The same goes for New England and slavery. Slavery was not just the province of the colonial South and Caribbean. Slavery was legal in all colonies; New York City’s population was 40% enslaved by the middle of the eighteenth century. The great merchant houses of Newport and Providence were up to their necks in the African slave trade. And New England’s founding fathers, even the oft-admired Governor John Winthrop, were perfectly happy to trade in Indian slaves with the Caribbean. (How else would one dispose of captured survivors of the Pequot War? We’ll be hearing more from Linford Fisher on this shortly.) No one in New England or elsewhere was making abolitionist arguments. (Well, hardly anyone, but that’s a post for another time.)

I suppose it is convenient to teach undergrads from the formula of difference, but I think a greater understanding of colonial English society emerges from thinking about similarity.  The divisions of the antebellum world shouldn’t be read onto the seventeenth and eighteenth-century past.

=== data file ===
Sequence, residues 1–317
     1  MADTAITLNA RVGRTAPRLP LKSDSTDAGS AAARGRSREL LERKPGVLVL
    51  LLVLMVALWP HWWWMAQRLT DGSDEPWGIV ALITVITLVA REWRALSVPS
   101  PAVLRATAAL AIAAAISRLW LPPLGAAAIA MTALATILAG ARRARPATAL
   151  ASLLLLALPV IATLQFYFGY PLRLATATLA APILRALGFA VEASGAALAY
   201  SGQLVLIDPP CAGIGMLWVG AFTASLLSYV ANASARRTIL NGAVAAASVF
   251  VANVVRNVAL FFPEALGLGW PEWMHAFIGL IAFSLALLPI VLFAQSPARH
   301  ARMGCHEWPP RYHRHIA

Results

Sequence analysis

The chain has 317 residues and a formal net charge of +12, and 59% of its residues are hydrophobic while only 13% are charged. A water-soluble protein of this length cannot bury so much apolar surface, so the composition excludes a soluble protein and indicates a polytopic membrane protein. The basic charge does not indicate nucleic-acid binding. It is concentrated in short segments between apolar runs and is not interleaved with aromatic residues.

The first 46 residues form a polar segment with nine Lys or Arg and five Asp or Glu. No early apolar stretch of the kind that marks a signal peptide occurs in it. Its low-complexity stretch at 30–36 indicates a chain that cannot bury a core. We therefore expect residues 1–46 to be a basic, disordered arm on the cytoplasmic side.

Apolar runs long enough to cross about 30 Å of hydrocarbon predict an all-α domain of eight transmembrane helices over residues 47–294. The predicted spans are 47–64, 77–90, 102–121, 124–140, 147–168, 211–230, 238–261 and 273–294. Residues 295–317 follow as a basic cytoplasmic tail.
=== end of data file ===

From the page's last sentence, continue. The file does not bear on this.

Patriarchalism? Paternalism? and also Indian slavery

My colleague and friend Ed Blum has asked me to write some entries for his course blog. For this one, he asked me to comment on excerpts from Kathleen Brown’s Good Wives, Nasty Wenches, and Anxious Patriarchs (1996) and Philip Morgan’s Slave Counterpoint (1998) that are reproduced, along with some primary sources, in the new edition of Major Problems in American Colonial History.

2. Patriarchalism? Paternalism? The scholarly conversation about the relationship between enslaved people and their owners.

I’m editing Professor Blum’s question a little here. In this post, I’ll address the conversation between Kathleen Brown and Phil Morgan. In the next post, I’ll talk about sectional divisions in early American history—what they mean, and what they don’t mean.